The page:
The overall future scenario looks grim and immediate remedial steps need to be taken. The two essential ingredients that are required for the survival and prosperity of a nation are effective justice and a high-quality educational system that unleashes the creative potential of the youth. Unfortunately, both elements have deteriorated rapidly in Pakistan. The decline has been triggered by our rulers since a perceptive, educated population are averse to allowing corruption to prevail.

An example of the failure of the justice system to deliver is the fact that there are three higher education commissions in Pakistan. One of these is a federal body while the other two are provincial entities that have been established in Sindh and Punjab, respectively. Universities in Sindh and Punjab receive regular conflicting notices from the provincial and federal HECs and they are often confused about whose directives they should follow. The best way to destroy a country is to destroy its educational system so that the minds of its youth fail to blossom.

I had filed a petition in the Supreme Court in 2010 when the then government had tried to fragment the HEC and hand its pieces to the provinces. The Supreme Court had decided in 2011 that higher education was a federal subject and its status was protected under several clauses of the 18th Amendment. However, in blatant contempt of the Supreme Court’s decision, the Sindh and Punjab governments went ahead to form parallel HECs. This has duplicated the functions of the federal body and has, consequently, resulted in chaos in the higher education sector.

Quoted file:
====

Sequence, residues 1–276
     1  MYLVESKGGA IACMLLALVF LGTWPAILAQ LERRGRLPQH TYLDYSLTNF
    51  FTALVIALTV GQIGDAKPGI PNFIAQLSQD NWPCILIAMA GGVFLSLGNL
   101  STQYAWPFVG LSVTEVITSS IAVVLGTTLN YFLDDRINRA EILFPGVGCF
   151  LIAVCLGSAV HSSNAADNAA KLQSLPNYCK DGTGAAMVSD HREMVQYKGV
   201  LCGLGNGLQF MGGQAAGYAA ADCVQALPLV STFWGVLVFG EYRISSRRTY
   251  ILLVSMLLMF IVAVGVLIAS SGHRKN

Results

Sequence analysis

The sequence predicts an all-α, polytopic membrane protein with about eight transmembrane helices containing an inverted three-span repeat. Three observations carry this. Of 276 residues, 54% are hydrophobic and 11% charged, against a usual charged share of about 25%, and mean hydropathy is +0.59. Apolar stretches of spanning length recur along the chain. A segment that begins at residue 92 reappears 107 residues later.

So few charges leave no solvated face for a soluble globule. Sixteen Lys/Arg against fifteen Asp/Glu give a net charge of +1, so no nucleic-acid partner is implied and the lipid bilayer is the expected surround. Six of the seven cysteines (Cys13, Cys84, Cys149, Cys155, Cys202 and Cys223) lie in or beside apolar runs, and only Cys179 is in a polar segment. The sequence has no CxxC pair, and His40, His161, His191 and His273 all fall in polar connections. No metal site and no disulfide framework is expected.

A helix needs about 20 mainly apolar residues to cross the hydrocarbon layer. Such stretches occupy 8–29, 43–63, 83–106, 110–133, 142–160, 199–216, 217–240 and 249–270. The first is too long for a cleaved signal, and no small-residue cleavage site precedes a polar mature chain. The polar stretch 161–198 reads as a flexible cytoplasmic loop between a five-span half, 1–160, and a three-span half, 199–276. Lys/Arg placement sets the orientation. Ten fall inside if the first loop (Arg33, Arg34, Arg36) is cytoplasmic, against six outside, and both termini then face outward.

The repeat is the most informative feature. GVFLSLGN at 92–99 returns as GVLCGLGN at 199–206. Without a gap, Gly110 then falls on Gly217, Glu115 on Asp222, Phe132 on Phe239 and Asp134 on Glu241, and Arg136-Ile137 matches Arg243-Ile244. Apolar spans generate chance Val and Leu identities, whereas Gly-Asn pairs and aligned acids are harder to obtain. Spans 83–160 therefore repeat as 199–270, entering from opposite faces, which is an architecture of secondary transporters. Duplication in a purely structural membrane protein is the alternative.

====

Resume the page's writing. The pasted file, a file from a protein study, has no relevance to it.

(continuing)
Along with Marvi Memon, I filed a joint petition in the Sindh High Court in February 2013 against the legality of forming a provincial HEC when a federal body still existed and there was a clear order from the Supreme Court that higher education could not be devolved to the provinces. Almost five years have passed and the Sindh High Court is still “considering” the matter.

It’s a pity that the future of our youth is being destroyed while our justice system remains dormant. It is time that the Supreme Court took suo motu action to disband the provincial HECs as these bodies are illegal and defy the court’s 2011 decision.

How do we climb out of this mess? Early elections, as proposed by Imran Khan, are not the answer as the electoral process is thoroughly corrupt. Elections are invariably unfair and never reflect the actual public sentiment. The process is under the stranglehold of the corrupt and powerful ‘electables’ who control the votes. The same corrupt people will, therefore, repeatedly assume power, irrespective of how many times you repeat a corrupt election process. This is precisely what the foreign enemies of Pakistan want.

Holding elections without thoroughly cleansing the country from those who have been involved in massive corruption will be a major disaster. An interim technocratic government is thus the need of the hour. The system must first be cleansed and changes must be made to our constitution to ensure that we are on the correct path.



The writer is the former federal minister for science and technology and former chairman of the HEC, and president of the Network of Academies of Science of OIC Countries (NASIC).

Originally published in The News